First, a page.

Our College Stars
---- — Jim Parady’s New Hampshire roots run deep.
He starred for his Hall of Fame father Ken Parady’s powerhouse Nashua High football teams in the late ‘70s. His sister is longtime Sanborn coach/AD Vicki Parady-Guay.
The 21st-year Marist College head football coach’s connections paid off handsomely a couple years back.
Veteran Salem High coach Jack Gati was talking up his record-setting running back Max Jacques.
“He said, ‘As good as he is on the field, he’ll be better off it,’” recalled Parady. “He was exactly right. He said it was a perfect fit for Marist and a perfect fit for Max.”
Exactly right again.
The redshirt freshman has rushed 80 times for 470 yards and five TDs and caught two passes for 18 yards and another score this fall at the Poughkeepsie, N.Y., Catholic school.
Highlights include back-to-back 100-yard games and a school record-tying 96-yard TD run.
Of the long TD run, Jacques said, “The cutback was there and then my speed took over.”
Parady said Jacques “made a 5-10 yard play into a 96-yarder. He made a very good read, made a defender miss at the second level then just ran away from everyone.
When asked about the 100-yard games, Jacques said, “It was great. Very exciting.”
Always a diligent student, the communications major said his GPA is approximately a 3.5. Last year he was named to the Pioneer Football League academic honor roll. Recently he was taken aback when he was named first-team Academic All-District.
“That came out of nowhere,” said the former Eagle-Tribune MVP, who rushed for 4,559 yards and scored 56 TDs for the Blue Devils. “It’s nice to be recognized for more than one thing.”
Parady was just as proud as Jacques.
“What he’s done in the classroom has just been tremendous,” said the coach. “He’s really distinguished himself. That goes back to what his coach said about being an all-around person. He was also named to our players council. Two players from each class represent (the class for the football team). He was voted unanimously.”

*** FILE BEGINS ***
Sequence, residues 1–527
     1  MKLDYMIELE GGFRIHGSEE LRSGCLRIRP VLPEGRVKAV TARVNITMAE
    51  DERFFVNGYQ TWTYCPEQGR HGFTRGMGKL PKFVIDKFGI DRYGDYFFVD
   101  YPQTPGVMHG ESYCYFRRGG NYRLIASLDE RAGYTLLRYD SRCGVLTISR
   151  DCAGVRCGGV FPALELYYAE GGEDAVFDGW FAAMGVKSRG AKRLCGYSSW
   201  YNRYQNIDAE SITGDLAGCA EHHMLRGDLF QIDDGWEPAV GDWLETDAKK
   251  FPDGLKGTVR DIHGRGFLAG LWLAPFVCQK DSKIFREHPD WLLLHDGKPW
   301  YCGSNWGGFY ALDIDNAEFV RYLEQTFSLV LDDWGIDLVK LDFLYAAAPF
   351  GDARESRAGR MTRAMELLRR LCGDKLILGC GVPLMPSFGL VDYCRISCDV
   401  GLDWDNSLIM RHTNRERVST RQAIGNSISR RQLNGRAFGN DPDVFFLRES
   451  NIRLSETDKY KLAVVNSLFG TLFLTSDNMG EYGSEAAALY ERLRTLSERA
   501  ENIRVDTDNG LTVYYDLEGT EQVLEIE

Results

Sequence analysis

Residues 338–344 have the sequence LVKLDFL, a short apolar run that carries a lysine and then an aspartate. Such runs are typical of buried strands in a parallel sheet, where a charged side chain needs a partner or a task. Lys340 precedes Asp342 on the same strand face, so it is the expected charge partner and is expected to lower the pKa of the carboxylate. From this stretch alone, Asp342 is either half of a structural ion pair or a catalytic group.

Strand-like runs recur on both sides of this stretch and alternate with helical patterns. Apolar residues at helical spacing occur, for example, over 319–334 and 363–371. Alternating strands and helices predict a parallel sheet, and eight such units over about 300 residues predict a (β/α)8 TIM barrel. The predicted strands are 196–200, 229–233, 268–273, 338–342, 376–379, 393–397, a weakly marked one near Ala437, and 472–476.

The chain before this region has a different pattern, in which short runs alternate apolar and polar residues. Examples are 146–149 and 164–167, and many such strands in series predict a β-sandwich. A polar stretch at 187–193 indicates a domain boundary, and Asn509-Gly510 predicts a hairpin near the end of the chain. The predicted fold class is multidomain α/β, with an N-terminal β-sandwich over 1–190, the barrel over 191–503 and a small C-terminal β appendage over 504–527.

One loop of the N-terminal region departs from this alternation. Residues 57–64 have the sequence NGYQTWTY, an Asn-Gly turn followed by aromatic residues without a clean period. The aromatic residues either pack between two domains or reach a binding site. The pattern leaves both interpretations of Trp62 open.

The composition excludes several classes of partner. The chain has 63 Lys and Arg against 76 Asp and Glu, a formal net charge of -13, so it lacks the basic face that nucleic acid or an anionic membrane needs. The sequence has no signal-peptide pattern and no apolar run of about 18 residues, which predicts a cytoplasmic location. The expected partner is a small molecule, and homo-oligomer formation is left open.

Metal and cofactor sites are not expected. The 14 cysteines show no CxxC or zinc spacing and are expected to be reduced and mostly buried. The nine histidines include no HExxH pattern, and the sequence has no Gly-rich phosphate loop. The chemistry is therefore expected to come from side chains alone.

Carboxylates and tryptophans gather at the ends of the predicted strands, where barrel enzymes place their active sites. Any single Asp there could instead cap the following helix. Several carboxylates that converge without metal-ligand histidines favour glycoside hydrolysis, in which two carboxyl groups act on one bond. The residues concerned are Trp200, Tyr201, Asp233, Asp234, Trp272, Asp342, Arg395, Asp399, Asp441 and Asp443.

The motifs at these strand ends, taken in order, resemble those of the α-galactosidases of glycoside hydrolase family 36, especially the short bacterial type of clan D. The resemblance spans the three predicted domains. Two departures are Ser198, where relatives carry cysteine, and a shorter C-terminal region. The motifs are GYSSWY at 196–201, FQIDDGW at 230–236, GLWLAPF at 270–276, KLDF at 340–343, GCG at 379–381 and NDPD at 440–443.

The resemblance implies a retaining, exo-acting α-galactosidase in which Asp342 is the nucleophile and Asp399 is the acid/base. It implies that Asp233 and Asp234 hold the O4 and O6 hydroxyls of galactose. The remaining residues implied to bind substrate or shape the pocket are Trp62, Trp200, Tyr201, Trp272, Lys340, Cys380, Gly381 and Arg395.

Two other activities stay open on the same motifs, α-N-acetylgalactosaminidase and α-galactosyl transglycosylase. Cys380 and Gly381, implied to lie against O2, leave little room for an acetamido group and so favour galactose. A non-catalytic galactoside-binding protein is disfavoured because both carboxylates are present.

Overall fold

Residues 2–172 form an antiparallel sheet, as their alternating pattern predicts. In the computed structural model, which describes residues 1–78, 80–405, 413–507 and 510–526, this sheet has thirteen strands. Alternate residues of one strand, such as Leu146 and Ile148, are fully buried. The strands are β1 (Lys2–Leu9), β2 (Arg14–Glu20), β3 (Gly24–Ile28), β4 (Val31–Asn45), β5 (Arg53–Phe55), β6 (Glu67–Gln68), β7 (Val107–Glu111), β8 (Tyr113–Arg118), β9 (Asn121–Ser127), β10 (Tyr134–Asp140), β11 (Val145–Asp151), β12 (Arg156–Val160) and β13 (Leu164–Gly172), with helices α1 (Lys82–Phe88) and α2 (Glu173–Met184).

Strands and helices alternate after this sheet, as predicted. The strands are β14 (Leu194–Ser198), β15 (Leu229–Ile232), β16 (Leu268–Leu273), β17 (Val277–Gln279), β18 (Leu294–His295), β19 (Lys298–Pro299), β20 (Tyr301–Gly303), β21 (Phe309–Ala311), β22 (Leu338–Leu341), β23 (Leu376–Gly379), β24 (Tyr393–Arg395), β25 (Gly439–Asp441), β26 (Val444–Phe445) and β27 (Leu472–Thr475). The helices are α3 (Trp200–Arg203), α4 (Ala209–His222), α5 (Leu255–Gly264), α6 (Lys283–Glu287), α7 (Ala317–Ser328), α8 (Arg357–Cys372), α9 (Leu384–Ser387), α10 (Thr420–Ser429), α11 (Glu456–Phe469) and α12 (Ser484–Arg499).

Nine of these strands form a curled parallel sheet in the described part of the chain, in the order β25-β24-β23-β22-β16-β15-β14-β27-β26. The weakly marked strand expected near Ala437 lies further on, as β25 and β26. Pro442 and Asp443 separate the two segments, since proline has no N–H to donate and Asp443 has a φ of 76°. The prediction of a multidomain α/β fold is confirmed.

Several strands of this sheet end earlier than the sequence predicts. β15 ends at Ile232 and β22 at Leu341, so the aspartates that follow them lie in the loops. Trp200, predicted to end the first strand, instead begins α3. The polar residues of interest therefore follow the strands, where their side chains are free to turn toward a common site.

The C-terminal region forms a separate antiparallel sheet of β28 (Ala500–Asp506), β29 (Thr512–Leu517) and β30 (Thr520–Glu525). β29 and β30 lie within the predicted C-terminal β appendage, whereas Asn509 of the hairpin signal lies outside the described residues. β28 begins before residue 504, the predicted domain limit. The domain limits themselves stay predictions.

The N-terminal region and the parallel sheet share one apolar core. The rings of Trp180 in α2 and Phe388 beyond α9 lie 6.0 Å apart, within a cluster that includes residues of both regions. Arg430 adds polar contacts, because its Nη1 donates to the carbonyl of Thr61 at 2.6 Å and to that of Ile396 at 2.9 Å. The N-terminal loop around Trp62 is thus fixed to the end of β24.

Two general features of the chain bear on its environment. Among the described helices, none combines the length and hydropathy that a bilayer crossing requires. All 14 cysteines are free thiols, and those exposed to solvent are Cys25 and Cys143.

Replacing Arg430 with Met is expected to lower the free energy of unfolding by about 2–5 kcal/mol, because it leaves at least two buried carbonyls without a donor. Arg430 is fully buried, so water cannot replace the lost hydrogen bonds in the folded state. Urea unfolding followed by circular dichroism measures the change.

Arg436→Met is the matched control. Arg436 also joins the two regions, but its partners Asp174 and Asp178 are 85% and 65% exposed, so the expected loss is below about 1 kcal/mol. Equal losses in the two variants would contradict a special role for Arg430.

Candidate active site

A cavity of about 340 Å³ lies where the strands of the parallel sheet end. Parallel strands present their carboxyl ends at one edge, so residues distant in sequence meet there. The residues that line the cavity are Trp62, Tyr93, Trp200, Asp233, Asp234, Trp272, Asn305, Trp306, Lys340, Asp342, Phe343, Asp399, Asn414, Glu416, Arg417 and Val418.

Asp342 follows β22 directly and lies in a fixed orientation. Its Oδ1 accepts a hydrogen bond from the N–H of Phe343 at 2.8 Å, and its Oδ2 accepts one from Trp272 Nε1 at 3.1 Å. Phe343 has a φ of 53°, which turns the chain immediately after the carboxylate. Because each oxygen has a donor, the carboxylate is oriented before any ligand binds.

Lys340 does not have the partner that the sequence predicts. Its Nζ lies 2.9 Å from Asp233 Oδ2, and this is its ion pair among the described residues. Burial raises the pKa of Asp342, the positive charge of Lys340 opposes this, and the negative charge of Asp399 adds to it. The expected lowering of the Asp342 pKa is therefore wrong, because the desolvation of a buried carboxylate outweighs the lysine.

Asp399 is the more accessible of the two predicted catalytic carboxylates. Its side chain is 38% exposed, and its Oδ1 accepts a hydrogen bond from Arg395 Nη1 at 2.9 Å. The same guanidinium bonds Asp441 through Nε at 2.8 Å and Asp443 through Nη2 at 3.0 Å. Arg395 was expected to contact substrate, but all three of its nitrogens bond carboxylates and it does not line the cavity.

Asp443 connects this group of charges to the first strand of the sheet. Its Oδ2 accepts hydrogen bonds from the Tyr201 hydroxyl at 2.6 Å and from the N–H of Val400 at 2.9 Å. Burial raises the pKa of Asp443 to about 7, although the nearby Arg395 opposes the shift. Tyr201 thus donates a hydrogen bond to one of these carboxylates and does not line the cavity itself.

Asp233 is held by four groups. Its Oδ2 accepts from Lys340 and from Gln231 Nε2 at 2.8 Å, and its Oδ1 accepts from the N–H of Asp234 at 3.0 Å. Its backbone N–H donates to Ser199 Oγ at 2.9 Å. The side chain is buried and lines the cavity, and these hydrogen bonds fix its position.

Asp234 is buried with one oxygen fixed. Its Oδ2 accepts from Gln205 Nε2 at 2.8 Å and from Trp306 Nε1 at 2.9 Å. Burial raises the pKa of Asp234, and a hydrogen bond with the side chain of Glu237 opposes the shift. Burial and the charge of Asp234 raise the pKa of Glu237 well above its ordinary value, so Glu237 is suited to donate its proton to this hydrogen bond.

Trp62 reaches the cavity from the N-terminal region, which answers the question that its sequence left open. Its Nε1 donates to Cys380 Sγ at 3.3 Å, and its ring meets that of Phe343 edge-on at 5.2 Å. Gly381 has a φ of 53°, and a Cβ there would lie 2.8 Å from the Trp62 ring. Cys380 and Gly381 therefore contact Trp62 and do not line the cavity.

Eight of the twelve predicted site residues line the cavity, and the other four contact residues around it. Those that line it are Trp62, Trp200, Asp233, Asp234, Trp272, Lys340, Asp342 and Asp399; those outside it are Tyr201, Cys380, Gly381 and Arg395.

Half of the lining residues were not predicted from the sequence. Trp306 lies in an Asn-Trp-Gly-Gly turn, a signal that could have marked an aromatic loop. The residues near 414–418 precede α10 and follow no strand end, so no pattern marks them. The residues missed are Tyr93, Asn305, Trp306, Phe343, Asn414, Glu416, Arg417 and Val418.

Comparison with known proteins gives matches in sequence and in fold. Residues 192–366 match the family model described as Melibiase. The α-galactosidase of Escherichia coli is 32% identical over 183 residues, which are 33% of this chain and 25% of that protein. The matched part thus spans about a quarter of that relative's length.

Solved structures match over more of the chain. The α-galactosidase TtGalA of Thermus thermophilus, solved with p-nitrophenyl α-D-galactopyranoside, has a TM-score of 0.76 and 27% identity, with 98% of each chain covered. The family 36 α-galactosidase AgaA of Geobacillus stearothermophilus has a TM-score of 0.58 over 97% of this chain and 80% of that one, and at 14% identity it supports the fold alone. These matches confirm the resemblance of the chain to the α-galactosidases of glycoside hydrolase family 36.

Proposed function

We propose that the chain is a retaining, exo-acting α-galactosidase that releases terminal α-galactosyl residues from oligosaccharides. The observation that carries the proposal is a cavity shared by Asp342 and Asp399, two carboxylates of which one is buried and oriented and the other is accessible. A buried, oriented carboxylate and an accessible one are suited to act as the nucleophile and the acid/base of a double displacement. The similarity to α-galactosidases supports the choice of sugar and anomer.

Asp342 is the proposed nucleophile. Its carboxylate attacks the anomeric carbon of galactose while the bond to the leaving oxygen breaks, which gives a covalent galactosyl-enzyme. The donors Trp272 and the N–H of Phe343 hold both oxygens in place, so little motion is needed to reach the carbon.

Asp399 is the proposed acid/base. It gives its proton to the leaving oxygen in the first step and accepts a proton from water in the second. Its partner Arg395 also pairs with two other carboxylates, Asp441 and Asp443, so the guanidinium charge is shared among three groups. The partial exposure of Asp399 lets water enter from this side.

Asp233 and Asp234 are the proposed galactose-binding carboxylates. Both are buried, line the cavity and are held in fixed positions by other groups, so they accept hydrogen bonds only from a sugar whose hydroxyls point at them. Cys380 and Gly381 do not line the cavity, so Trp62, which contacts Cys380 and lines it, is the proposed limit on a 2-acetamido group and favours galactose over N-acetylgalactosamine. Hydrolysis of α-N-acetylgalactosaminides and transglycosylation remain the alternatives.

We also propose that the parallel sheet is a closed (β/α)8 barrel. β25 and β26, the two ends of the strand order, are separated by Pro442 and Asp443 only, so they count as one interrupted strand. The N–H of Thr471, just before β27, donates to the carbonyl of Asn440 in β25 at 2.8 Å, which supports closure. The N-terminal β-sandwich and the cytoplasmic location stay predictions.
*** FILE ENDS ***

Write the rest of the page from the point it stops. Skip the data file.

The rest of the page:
Parady described Jacques’ running style as “relentless.” He added, “His legs are always going. His arms are always going.”
At just 5-6, he needs to be relentless. His short stature likely scared off a lot of teams, but not the Division 1-AA Red Foxes.
“What you worry about is durability,” explained Parady. “He’s on the shorter side, but he’s been in the weight room and is very well put together. He hasn’t lost any speed as he’s gotten bigger and bigger. He makes people miss and he very rarely goes down on first contact.”
He’s put on 22 pounds from high school up to 182 and still has the burst of the high school track star who long jumped 21-9 1/4, triple jumped 44-1 and ran an 11.16 100 meters.
Parady has been impressed.
“He’s had a great season,” he said. “It’s been a breakout year.”
Being limited to practice his first year wasn’t easy for Jacques.
“It was kind of disappointing but I kind of expected it,” he said. “At the end of the day, it was a good decision. It was good for me.”
Of course, Jacques has had to endure a lot worse than a frustrating season. His mother died unexpectedly his freshman year at Salem.
“Having my grandparents (Judith and Nicholas Jacques) and family and teachers there was a great support system,” he said. “Everybody there told me I could do it. You can’t let it bring you down.”
As he’s proved again this fall, its mighty difficult to bring Max Jacques down.
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